Money can’t buy us happiness …

The article ,” What Good Is Money If It Can’t Buy Happiness ? ” published by , Sonja Lyubomirsky , describes the results of a survey that was conducted in the united states with college freshmen . The survey consisted of asking the freshmen what their most important life goal was and what ended up happening was that 77 percent of the students answered , “being very well off financially “. For example being able to afford a lavish lifestyle which many of us wish for . But Lyubomirsky questions wether money can really buy happiness. Wealthy men were asked to reflect on there overall happiness many said they prefer being with friends than having to do long work hours . In other words they would more likely be with friends and hangout then work to afford things they probably don’t really need.

The article also describes how success is measured in experience rather than how much money one makes . For me i’m all about making memories that are going to last a lifetime . I would much rather have a good time with my friends then go out shopping for things I will probably regret buying soon after. I feel like having many experiences makes you more wealthy then having many vacation houses. One of the strategies that describe my opinion is the strategy that was mention in the article which stated ,”buying happiness is to spend money on others instead of ourselves “.  I guess the happiness you feel is the warm feeling you feel within yourself when you know you’ve done a good deed. It’s like the saying, “no good deed goes unrewarded” and what your rewarded with is the memory you get to share with that person.

In conclusion , the key to happiness is not wealth but what you do with it . I think plastic surgeons would prefer that as appose to working long hours of work to just end up feeling miserable.

Money = Happiness!

The article “How To Buy Happiness” by Sonja Lyubomirsky talks about how money can buy happiness. The author speaks of research done that has shown how a person’s happiness could be based on how she/he chooses to spend their money. Furthermore, she wrote that evidence has shown that experiences make people happier, and she gave three reasons to support her belief. First, experiences make people happier because unlike material things, experiences don’t change and cannot be replaced. Second, experiences are more likely to be shared with others. Third, experiences make people happier because things could be made as a competition as in people tend to compare their things to other’ possessions. Lyubomirsky also states that the only things that are bought that could make make a person happier are based on three main things: 1. The possession of required skill, knowledge, qualification, or capacity, 2. Being connected to others, and 3. The state of having independence or control over someone’s life. She also adds that another way to buy happiness is by spending money on others instead of just oneself, because by giving money to others, a person could learn to appreciate what he/she owns, by giving to those who have less. Her final statement about buying happiness talks about how using our money to give us more time off of work, because people who are wealthy tend to work more and spend less time enjoying their lives. Basically, Lyubomirsky believes that the key to happiness is not about how wealthy we are but about how we use the money we have.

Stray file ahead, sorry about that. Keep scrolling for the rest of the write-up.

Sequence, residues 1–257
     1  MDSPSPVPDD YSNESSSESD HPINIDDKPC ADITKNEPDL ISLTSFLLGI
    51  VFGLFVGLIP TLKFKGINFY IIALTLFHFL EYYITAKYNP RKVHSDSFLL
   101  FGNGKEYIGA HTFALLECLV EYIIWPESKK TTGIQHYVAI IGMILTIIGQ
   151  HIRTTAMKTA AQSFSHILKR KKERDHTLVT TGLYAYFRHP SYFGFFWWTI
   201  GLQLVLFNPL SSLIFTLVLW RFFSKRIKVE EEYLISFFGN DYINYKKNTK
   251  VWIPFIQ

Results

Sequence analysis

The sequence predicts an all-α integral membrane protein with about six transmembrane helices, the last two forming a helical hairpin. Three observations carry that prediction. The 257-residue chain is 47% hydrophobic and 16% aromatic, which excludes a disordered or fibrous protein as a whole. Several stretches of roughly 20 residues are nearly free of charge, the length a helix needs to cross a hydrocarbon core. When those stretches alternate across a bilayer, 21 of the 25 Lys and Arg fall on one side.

I personally agree with this article, because to me money could definitely buy happiness. Having money could make a person do whatever they ever wanted to do. For instance, traveling is something that makes me happy; discovering new cultures and helping those in needs is something that fulfills my life, however without money I would never be able to do this. Also, even though this might not be true for many people, I believe that in the modern world we live in, money is basically the top priority to all people who want to be happy. Of course, there are those who are wealthy and miserable, however there are those who also are wealthy but live their lives with much happiness because of the money they got. Material things won’t always make a person happy because they are temporary but if a person knows how to spend their money on things that actually matter he/she could bring happiness to themselves. Sonja Lyubomirsky said that the key to happiness isn’t about how rich a person is but about how the person spends his/her money in her article, which is true. There are those people who become happier by giving to or helping others in need, and others who spend their money on unnecessary things that might or might not make them happier. I actually think that it depends on the person.

Buying your happiness and happiness for others!